NAIROBI, Sep 22 (IPS) – Fatuma is a 24-year-old girl from Korogocho, an informal settlement in Nairobi. She died in December 2021 of complications from an unsafe abortion. His friend and some neighbors found him bleeding profusely and unable to move. They rushed him to the hospital. Unfortunately, he died before he could see a doctor.
Unfortunately, Fatuma’s story is a common one for girls and women in Kenya. In fact, at least 7 of them die every day from complications from unsafe abortion. What’s worse is that with current trends – where 700 girls between the ages of 10 and 19 get pregnant every day; the harrowing abortion statistics are probably worse. If Fatuma had known where she could access safe abortion services, she would not have died.
Despite Kenya’s constitution providing for three cases where safe abortion is permitted, the right to choose whether and when to conceive, as well as to terminate a pregnancy, remains one of the most contentious debates around the world. Significant progress has been made in promoting reproductive justice in Kenya, as the law has been developed by the legal branch of the government. An example is the case of Malindi(Petition E009 2020) which reaffirmed that abortion is a fundamental right enshrined in the Constitution.
In addition, the court prohibited arbitrary arrests of trained health care providers and people seeking safe abortions within the limits of the Constitution. Still, these advances are under attack in what Kenyans call a new Cold War. It means a battle between gender and reproductive justice advocates against anti-choice subscribers.
In recent years, a series of events have occurred that have affected the social, political, and legal environment for access to life-saving, safe abortion services. First, it was an arbitrary withdrawal National standards and guidelines for reducing maternal mortality and morbidity in 2013. A year after their reinstatement by the High Court, the Department of Health suspended all training for medical abortion providers.
In July this year, the Ministry of Health launched National Reproductive Health Policy (2022-2032)unfair policies that did not follow due process, including the need for representative public participation as set out in Article 118 of the Constitution.. The policy also excludes a segment of the population that has access to reproductive health care because it requires parental consent and does not consider deaths and complications from unsafe abortion to be a public health problem despite the statistics.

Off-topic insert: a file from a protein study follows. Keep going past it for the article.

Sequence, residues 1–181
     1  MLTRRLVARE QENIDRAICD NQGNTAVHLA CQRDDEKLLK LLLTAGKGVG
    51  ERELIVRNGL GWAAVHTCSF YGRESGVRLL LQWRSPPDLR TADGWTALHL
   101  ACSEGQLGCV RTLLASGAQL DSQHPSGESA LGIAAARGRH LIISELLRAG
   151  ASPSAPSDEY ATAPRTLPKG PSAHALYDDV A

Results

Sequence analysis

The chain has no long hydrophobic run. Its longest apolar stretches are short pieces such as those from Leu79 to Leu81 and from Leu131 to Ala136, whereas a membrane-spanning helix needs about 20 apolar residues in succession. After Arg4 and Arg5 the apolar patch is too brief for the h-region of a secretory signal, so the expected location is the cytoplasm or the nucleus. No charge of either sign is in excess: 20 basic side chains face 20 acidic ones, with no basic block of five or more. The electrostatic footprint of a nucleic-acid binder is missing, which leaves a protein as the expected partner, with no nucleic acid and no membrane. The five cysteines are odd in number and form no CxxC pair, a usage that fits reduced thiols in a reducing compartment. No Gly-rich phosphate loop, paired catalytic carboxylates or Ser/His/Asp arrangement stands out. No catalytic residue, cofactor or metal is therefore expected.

Additionally, consider the ongoing assault on women’s health rights by opposition groups led by the far-right extremist organization CitizenGO. They work to deny human rights under the guise of Christianity. They pay hungry and unsuspecting Kenyan youth to spread hashtags that deliberately amplify lies and half-truths about sexual and reproductive health and rights, especially abortion, LGBTI+ rights and sexuality education.
They continue to influence public opinion; and regressive laws and policies around the world, including in Kenya. Ironically, the organization, headquartered in Madrid, is heavily funded by institutions and individuals from the Global North, yet insists that sexual and reproductive health and rights is an alien agenda for Africa – and must be rejected.
CitizenGO has a history of smear campaigns against reproductive justice. They include Hon. Susan Kihika (Former Senator – and now Nakuru County Governor) for sponsoring the Reproductive Health Bill 2019 in the Senate. This bill would have provided a much-needed legal framework for many reproductive issues, such as artificial insemination, that continue to operate in a vacuum.
In addition, they have bullied Hon. Esther Passaris on social media for organizing a Christmas party for sex workers. Recently they trolled Hon. Mukulia is a sponsor of the East African Community Sexual Reproductive Health Bill and called for his dismissal from the East African Legislative Assembly.
Critics could make religious arguments to fight against safe abortion and minority rights. However, it is worth noting that these beliefs are subjective. Moreover, Kenya is a secular country that operates under the doctrine of separation of church and state. This principle creates a distance between the two; recognizing that morality and religion are subjective.
Moreover, the Constitution uses a strong Bill of Rights that is legally binding – and not just recommendations. In addition to extending the right to safe abortion in Article 26(4), this Article 43 expressly provides for the right to the highest attainable standard of reproductive health. In addition, it protects the right to privacy and human dignity. CitizenGO and similar organizations must therefore operate within the laws of the Republic.
While these struggles result in the denial of information and services to marginalized groups; this struggle is not only about access to services and information. It is about unequal power relations. There are people who give large sums of money to initiatives aimed at restricting human rights and freedoms; against progress in government, media and other key sectors.
That is why it is appalling that as supporters of sexual and reproductive health and rights, we invest time and resources to study the ever-changing strategies and tactics used by adversaries to undermine these rights and re-strategize for the ongoing war. We must prioritize the empowerment of movement and the resilience of reproductive rights. Until then, girls and women in Kenya and beyond will die preventable deaths.
Stepanie is a human rights lawyer and senior fellow at the Aspen Institute. Ritah is the Youth Project Coordinator at the Kenya Reproductive Health Network.
© Inter Press Service (2022) — all rights reservedOriginal source: Inter Press Service